Successful construction project completion requires effective communication. When you communicate effectively, you improve teamwork and project collaboration. On the other hand, poor communication causes delays, misunderstanding, and unnecessary issues. If looking for ways to improve communication in your construction project, these tips should guide you.
Establish a command chain for all communications in your construction project. Typically, contract documents require communications between project owners and general contractors to pass through their architects. Architects communicate with the general contractors and consultants, while the general contractor communicates with subcontractors and suppliers. The primary contact point for a general contractor is the project superintendent. Nevertheless, contract documents like specifications, drawings, information requests, and change order forms are the basis for all communications.
People communicate in different ways during construction. But whether you communicate nonverbally or verbally, ensure that you have used the suitable method depending on the message. In most cases, people in a construction site communicate through meetings, hand signals, drawings, and signs. Also, construction workers take photos, compile reports, review change orders, and create information requests. Each of these communication methods has its pros and cons. Therefore, select the most effective way in every situation to simplify and expedite information exchange.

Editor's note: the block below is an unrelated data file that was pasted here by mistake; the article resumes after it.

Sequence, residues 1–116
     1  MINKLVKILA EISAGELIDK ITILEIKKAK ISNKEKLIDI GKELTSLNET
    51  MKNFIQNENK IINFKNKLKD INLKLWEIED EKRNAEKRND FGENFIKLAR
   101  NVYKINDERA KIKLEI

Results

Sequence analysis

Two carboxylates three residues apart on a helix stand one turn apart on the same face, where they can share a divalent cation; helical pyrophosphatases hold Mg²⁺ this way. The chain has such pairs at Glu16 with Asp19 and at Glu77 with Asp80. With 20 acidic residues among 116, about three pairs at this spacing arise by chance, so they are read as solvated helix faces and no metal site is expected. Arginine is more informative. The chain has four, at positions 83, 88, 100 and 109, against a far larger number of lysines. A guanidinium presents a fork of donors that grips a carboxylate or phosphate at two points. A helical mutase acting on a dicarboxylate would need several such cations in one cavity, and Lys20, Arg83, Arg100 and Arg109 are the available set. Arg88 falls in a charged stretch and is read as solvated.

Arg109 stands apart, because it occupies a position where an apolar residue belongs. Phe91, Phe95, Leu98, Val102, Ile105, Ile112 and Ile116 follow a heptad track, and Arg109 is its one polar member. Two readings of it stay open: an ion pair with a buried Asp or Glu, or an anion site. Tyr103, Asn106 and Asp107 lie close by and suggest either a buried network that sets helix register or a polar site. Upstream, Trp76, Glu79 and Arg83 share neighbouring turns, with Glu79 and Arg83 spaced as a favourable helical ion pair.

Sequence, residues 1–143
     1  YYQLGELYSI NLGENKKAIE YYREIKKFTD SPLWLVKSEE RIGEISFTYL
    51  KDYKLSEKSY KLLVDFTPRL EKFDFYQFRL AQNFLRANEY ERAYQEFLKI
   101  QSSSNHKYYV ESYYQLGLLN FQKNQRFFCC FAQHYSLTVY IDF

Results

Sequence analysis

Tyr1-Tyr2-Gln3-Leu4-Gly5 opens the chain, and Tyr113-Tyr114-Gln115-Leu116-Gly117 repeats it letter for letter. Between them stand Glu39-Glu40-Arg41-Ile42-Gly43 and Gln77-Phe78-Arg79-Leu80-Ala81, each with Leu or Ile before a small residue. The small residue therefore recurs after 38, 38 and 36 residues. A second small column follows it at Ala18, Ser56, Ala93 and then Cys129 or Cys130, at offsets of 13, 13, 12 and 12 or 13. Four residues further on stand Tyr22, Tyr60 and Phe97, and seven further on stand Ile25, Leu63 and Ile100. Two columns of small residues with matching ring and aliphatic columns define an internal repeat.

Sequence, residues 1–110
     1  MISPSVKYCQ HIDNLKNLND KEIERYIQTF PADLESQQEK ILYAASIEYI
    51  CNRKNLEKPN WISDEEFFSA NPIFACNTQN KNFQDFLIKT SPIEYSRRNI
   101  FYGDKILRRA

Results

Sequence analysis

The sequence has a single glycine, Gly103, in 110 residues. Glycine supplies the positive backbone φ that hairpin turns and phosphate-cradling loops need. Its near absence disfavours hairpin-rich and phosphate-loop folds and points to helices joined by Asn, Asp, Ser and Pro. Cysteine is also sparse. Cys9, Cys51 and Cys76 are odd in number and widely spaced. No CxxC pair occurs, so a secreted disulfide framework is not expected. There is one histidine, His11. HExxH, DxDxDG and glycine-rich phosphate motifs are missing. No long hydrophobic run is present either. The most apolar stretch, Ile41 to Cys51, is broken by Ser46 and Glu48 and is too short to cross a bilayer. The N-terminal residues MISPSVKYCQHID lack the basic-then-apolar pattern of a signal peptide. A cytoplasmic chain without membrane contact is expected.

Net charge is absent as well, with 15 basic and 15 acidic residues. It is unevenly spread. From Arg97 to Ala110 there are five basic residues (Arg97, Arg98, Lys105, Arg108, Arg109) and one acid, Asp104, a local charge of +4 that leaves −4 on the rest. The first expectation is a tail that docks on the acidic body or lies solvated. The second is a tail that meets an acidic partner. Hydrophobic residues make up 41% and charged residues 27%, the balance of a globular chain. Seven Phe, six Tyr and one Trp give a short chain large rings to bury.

When engaging in oral communication via phone or in person, listen actively. That means you try to understand the speaker and even take notes when necessary. Also, use nonverbal signals to show your understanding and maintain eye contact. Additionally, avoid talking over the other person or interrupting them. Instead, avoid forming responses and concentrate on what the other person tells you until they finish speaking.
In addition to these tips, maintain professionalism in all communications. That means avoiding slang that may confuse communications. Additionally, be concise and clear. …